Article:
By Michael Soles, Special to THE GAZETTE February 3, 2013
I remember my first EMG appointment in early March 2005. I remember the look of concern on my nurse’s face when she told me she needed to repeat the examination because my original results were “ABNORMAL.” I remember looking at the header of my patient file “MALE, MARRIED, AGE 38, FATHER OF 3.” I remember saying to my wife when the nurse left the room that “THIS CAN’T BE GOOD.” I remember what followed was a barrage of more medical tests, which, in the end, gave no firm diagnosis but confirmed that I had some motor neurone disease, of which “ALS was the most common” of the very rare disease options. That was eight years ago. I now realize that I am truly a very lucky person.
Hope. Hope and maybe greater awareness of the nature of the disease. That was the answer I gave when a friend asked what I would like people to feel when they read this article. However, as I write it, I realize that the hopefulness is hard to evoke when you are talking about ALS (amyotrophic lateral sclerosis). What most of us know about ALS is that it is a progressive neuromuscular disease in which nerve cells die and gradually leave voluntary muscles paralyzed. People who have ALS usually die within a few years of their diagnosis. It is hard to be hopeful in the face of this sobering reality. Yet I am hopeful and I will try to explain why.
I think what I have come to learn is that hope can be relative. For example, even though I have this disease, I have a form that progresses more slowly. So I am likely among the 10 per cent of people with ALS who live more than 10 years after their diagnosis. These words resonated because they encouraged me to keep focusing on the present, on the journey of my life rather than the destination (to paraphrase a Volkswagen commercial I always liked). I believe that focusing on the positive, on the things I have control over, and not dwelling on things I cannot change more than anything else is what has allowed me to be successful as an athlete and in the business I have developed since I retired from the Canadian Football League in 1999.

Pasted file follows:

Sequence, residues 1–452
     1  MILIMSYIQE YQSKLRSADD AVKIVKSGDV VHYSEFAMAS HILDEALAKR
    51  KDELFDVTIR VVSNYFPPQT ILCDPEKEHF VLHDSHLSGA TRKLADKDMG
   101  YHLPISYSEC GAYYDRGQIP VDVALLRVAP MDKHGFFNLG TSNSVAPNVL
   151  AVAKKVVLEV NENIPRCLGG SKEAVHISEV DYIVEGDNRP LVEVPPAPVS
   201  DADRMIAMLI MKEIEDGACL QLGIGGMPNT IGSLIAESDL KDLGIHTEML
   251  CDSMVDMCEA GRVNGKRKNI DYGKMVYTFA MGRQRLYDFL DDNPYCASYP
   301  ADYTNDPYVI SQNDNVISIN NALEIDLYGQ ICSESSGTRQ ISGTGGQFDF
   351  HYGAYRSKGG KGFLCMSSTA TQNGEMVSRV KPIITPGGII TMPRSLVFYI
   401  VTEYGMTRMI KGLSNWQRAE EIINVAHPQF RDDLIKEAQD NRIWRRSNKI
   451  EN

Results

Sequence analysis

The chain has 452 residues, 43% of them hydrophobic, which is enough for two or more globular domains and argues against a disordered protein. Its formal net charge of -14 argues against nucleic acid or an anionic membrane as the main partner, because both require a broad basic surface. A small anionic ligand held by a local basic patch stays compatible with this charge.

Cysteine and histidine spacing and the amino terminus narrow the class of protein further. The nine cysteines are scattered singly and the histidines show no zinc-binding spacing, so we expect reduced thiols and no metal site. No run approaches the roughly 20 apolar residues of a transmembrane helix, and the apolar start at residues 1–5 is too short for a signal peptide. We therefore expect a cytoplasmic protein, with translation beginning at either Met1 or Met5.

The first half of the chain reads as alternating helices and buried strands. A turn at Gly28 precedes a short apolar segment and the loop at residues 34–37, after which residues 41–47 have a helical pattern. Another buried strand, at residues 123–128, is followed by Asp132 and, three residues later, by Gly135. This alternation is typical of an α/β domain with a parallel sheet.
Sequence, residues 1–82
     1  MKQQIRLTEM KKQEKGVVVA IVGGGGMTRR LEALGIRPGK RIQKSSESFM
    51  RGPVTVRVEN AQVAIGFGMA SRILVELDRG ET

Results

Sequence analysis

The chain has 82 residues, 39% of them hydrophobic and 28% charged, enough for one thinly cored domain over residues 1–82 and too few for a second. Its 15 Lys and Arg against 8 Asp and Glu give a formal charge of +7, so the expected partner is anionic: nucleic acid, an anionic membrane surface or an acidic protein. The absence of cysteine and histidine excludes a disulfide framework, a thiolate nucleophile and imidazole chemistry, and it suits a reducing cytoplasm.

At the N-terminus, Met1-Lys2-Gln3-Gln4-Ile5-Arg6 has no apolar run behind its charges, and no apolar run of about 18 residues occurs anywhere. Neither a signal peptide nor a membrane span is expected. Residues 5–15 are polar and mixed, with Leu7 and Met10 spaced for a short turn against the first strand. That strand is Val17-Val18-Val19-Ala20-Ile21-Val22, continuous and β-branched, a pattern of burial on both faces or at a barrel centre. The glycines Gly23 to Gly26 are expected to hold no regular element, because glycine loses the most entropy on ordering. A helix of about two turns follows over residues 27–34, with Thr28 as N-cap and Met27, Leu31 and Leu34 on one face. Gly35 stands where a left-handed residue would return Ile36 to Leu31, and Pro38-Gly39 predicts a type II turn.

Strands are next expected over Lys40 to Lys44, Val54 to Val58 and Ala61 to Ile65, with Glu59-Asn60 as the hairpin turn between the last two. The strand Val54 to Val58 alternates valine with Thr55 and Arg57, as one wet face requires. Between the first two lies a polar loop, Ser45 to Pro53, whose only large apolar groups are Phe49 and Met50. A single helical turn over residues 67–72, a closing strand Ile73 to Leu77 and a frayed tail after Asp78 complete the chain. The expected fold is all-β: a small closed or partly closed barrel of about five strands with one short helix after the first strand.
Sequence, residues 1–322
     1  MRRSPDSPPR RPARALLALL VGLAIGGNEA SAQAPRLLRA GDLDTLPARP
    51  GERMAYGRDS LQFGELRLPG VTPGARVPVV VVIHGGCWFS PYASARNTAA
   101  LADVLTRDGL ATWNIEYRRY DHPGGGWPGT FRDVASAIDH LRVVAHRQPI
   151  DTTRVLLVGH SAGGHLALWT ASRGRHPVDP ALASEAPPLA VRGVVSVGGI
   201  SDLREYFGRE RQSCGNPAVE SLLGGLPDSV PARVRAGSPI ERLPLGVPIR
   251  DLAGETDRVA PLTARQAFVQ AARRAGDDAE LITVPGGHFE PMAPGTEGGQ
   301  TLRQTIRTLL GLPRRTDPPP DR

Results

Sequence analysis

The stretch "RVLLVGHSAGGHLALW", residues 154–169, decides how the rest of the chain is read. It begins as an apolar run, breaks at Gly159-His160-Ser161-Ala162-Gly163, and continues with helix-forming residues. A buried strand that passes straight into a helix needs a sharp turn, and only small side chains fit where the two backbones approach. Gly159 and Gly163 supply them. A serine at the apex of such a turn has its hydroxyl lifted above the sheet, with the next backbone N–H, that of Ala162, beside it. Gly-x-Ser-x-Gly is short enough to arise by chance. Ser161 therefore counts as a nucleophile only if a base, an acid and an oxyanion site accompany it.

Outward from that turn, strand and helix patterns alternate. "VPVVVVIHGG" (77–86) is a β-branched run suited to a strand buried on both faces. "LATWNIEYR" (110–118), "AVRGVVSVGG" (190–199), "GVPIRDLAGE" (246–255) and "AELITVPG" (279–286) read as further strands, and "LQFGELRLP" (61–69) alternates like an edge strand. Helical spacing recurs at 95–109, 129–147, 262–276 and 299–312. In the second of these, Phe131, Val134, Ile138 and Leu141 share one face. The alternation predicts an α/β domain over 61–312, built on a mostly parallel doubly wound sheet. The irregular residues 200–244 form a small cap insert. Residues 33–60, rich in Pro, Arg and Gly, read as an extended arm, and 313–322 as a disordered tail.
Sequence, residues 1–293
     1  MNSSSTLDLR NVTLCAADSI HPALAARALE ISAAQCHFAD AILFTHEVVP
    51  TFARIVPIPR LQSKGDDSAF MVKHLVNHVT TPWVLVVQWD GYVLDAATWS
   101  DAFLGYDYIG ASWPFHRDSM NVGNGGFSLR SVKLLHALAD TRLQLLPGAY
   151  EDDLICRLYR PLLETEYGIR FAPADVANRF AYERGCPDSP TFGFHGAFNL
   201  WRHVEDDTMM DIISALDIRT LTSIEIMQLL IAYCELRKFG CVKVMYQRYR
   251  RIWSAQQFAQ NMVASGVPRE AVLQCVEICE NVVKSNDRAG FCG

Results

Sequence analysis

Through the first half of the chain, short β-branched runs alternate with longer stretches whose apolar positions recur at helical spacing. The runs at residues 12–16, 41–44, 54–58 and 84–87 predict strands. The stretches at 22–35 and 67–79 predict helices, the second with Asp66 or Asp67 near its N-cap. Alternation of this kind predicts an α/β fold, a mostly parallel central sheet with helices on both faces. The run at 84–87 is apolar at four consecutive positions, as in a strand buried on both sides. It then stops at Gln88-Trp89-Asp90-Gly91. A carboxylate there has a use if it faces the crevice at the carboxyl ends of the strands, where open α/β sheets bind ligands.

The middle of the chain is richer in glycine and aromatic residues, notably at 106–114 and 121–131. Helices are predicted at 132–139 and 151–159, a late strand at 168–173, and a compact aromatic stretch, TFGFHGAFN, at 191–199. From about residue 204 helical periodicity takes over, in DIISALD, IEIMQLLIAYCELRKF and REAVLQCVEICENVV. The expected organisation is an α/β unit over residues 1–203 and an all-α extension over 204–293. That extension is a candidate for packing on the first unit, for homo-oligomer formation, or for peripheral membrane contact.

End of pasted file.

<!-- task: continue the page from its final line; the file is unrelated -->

I am truly hopeful because I am now being followed by Dr. Angela Genge and her team from the ALS clinic at the Neurological Institute of Montreal. Dr. Genge is one of the world’s leading neurologists dedicated to the research and treatment of neurological diseases, like ALS. I am fortunate to be participating in a clinical trial of a new drug that is also being tested in Europe and the United States that showed good promise in preliminary testing. Dr. Genge has said that this is the most promising period in the battle against ALS in the last 15 years.
I am also hopeful because I get to interact with my three children and wife every day. I get to do all the normal things that fathers do with their kids. I coach my kids in soccer and football, and I take them skiing every weekend in the winter to Tremblant. We go on vacations and travel because that is what we have always done as a family.
This is not to say that these things haven’t got harder as my disease has progressed, because they have. I can no longer hide the fact that I am affected. My limitations are becoming more obvious to the naked eye of the public. It is just that, for me, it is better to focus on the things I can do and can look forward to than on what may be lost.
As I read what I have written so far, I wonder if I seem like someone in denial. I don’t want this to be the case because I don’t see myself that way. What I have come to see is that, while hope is crucial for me in going forward, perspective and preparation are equally important for those who care about me. My children, in particular, needed to know what a diagnosis of ALS represented so that they could understand it, have time to process it, ask me questions and make the most of what we have rather than what we will not.
The timing of this article is not for notoriety but because I realize that the effects of my disease are now more obvious to people and I wanted to avoid any more speculation and rumours.
In the last little while, I have come to realize that my friends, my colleagues, my former coaches, my teammates, and the football fans who supported me during my career may need to know also.
In knowing that I have ALS, I hope that they will also be assured that the best way to support me is to treat me as they always have and join me in focusing on the present.
Thank you to The Gazette and sports editor Stu Cowan and to all of you reading this for providing me with this opportunity.
Michael Soles was an all-star running back at McGill University, leading the Redmen to the 1987 Vanier Cup championship, before enjoying an 11-year career in the CFL, winning a Grey Cup with the Edmonton Eskimos in 1993. He played the final four seasons of his career with the Alouettes. The 46-year-old now works in finance and lives on the West Island with his family: wife Catherine, sons Anthony and Matthew, and daughter Justine.